The Wild Things themselves are quite impressive. A wonderful voice cast consisting of James Gandolfini, Chris Cooper, Paul Dano, Catherine O'Hara, Lauren Ambrose, and Forest Whitaker, really help bring these strange characters to life. They're aided in this by a wonderful mix of people in giant Wild Thing suits, with CGI faces (and occasionally aided in their movements as well). The CGI was, I thought, flawless. It's a stunning technical achievement for the special effects crew and Jonze's ability to always make the characters seem like they're in the same plane of existence as our live action hero. Not for a second did I think of them as anything but their characters, it was tremendously well done. Jonze was also assisted in the movie by his regular cinematographer Lance Acord, who contributes some truly incredible photography. It's beautifully filmed in such a way to bring out the nostalgic feelings of childhood, but dark enough to not let us forget about the scares we had as children too.

Sadly, I just lost interest in the story about two-thirds of the way through. It really does feel like there just wasn't enough story to justify the runtime of a feature length movie. Jonze slows down the pacing, thankfully, instead of trying to hype things up for the kids in the audience. But still, I just wasn't as emotionally involved in the land of the Wild Things as I was in the real world. It could be because this wasn't the type of imaginary world I escaped to as a child, or because I'm no longer a child who escapes away to my imagination, but I don't think so. There are plenty of childrens movies that allow me to empathize and escape to a different world with the characters. I just think that it wasn't affecting enough in its extended story to grab me. Still, so much of the movie is extraordinary that I can't help but recommend it, despite its flaws. Lack of story is a big flaw, but the rest of the movie makes up for it overall. A classic childrens book has been made into a good movie, even if I don't think it will make people forget about the book through the years. We'll come back to it more often than we'll come back to the movie, but that's not such a bad thing, is it?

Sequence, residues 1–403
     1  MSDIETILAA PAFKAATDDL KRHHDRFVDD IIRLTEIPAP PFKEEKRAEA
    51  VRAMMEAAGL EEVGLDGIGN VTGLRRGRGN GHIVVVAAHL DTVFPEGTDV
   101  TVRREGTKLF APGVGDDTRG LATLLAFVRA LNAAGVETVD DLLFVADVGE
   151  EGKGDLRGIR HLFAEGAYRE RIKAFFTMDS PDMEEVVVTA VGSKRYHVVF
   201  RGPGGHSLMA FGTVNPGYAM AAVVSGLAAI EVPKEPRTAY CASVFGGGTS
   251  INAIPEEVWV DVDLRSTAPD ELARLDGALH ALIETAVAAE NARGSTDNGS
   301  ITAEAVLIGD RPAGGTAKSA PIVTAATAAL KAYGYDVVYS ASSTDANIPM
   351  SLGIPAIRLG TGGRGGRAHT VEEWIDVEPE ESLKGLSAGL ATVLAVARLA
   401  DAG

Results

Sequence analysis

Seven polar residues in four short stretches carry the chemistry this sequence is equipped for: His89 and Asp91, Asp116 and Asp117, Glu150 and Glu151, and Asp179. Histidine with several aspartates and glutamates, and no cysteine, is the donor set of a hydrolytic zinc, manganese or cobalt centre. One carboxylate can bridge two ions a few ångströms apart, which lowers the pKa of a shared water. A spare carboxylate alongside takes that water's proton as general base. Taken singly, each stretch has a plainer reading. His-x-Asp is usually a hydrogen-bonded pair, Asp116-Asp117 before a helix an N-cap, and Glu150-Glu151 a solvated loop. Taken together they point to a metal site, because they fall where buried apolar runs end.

Friday, October 16, 2009

Whip It-the most fun I've had at the movies this year

Drew Barrymore comes from one of the most prestigious acting families Hollywood has ever known. She began acting at the ripe old age of 5, and came to national attention at 7, when she was picked by her future godfather Steven Spielberg to be one of the young stars of E.T. The Extra-Terrestrial. After rebelling against anything anyone expected of her throughout her teens and early twenties, she added the title of Producer to her resume at 24, taking an extra added amount of control over her career. It took her ten years to also add the title of Director to her ever more impressive resume, and it was worth the wait.